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Local Government Regions of South Australia

Fleurieu Peninsula

The Fleurieu Peninsula is a picturesque peninsula located south of Adelaide in South Australia, Australia. It was named after the French explorer and hydrographer Charles Pierre Claret de Fleurieu by the French explorer Nicolas Baudin as he mapped the south coast of Australia in 1802.
There area many towns of interest in the area these include the scenic Victor Harbor, the heritage town of Willunga, Mount Compass, Goolwa, Yankalilla, Rapid Bay and the wine region of McLaren Vale. There is fine surfing at Waitpinga and Browns Beach. A ferry travels between Cape Jervis, at the tip of the peninsula, and Kangaroo Island.

Limestone Coast

Limestone Coast is the descripive title of an area that stretches from the border of Victoria and South Australia going towards Adelaide,

Forged over a period of 26 million years by the primal forces of the ocean and the movement of tectonic plates, the Limestone Coast has been perfectly sculpted into a natural holiday playground.

The result? Picturesque port towns such as Kingston SE, Robe and Beachport, where watersports are the order of the day. Impressive volcanic craters and mountain lakes, such as the Blue Lake at Mount Gambier. And the spectacular caving sites at Naracoorte Caves.

These same natural forces created the Coorong National Park, with its sandy coast and lagoons. They also created the 'terra rossa' soils at Coonawarra, which provide the ideal environment for producing world class wines.

It may have taken 26 million years to create the Limestone Coast. But good things are worth the wait.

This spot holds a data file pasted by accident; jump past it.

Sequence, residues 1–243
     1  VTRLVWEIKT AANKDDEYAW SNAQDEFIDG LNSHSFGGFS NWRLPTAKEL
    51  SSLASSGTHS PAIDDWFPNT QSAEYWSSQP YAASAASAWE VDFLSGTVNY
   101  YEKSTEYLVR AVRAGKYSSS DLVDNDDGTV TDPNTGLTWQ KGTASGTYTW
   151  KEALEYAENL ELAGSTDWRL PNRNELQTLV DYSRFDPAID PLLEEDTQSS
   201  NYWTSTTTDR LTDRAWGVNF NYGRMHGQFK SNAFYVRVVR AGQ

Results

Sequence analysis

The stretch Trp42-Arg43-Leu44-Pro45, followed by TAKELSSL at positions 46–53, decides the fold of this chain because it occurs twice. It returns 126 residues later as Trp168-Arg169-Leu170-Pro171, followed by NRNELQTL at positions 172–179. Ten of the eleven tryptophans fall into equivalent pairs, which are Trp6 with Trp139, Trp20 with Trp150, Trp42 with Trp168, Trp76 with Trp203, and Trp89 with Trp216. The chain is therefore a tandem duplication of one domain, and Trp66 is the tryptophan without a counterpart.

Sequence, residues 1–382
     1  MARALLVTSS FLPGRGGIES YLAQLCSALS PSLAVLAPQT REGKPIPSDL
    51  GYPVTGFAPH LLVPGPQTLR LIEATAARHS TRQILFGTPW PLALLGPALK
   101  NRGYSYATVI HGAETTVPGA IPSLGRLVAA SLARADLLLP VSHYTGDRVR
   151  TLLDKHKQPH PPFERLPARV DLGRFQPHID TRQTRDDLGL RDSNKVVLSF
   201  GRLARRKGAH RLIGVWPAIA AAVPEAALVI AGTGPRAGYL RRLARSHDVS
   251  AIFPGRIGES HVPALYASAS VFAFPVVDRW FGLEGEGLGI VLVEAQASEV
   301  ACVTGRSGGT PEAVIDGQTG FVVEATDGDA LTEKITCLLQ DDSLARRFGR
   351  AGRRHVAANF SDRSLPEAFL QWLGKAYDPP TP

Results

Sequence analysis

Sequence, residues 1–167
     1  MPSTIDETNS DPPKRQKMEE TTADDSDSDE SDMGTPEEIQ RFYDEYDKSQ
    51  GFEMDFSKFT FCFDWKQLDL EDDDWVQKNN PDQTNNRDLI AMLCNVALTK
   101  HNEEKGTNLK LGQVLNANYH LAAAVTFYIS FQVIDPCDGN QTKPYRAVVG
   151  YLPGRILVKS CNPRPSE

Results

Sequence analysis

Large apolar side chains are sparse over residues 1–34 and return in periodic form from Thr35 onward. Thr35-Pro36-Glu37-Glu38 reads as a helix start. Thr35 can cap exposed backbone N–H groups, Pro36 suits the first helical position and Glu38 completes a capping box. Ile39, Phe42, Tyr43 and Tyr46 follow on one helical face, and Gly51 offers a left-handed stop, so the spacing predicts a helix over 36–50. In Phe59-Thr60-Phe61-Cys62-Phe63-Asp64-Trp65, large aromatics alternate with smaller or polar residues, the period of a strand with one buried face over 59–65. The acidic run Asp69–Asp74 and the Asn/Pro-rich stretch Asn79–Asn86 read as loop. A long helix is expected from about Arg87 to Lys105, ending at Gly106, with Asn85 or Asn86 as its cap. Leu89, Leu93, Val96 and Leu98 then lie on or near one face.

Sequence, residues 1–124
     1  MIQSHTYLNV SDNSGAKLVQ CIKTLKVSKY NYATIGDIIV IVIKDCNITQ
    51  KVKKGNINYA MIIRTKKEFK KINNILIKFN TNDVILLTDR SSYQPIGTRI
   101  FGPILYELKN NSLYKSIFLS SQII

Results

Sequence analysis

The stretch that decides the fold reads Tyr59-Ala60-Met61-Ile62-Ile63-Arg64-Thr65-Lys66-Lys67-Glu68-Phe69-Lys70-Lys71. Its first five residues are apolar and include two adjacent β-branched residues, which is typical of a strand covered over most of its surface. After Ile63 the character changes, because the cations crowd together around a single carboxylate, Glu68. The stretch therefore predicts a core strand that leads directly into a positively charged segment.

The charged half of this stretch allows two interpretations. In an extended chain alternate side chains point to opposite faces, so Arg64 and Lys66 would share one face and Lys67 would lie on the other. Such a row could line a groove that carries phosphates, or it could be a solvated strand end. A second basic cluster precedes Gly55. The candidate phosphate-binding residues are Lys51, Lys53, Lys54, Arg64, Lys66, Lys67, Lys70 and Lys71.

From the Victoria border to the Younghusband Peninsula this coast has been settled since the 1840s and supports farming, viticulture, forestry and tourism. Towns of the coast include Bordertown, Keith, Millicent, Mount Gambier, Penola, and Naracoorte, the coastal resorts of Beachport, Kingston SE and Robe, and the wine-growing regions of Coonawarra, Padthaway, Wrattonbully and Mount Benson.

Much of the Limestone Coast region is low-lying, and was inundated by sea as recently as 2 million years ago. It had previously also been flooded 15–20 million years ago. The plains are lined by rows of low sandhills parallel to the coast, created at times when the coastline was at that level. Prior to white settlement, much of the land between the sandhills was swamp fed by streams and subject to inundation. A network of drains totalling 1450 km has in the past been constructed to channel the water away through the sandhills to the ocean. Important areas of wetland remain including the lakes and lagoons around the Murray Mouth, where the huge Murray River, by now reduced by draining off into the dry plains of Australia, finally meets the ocean between the Younghusband and the Sir Richard Peninsulas via a series of shallow lagoons including the Coorong, Lake Albert, Lake Alexandrina and Bool Lagoon. Meanwhile areas of upland behind the Limestone Coast include the volcanic craters of Mount Gambier.

The Mediterranean climate of this coast is cool and moist with wet winters.



 

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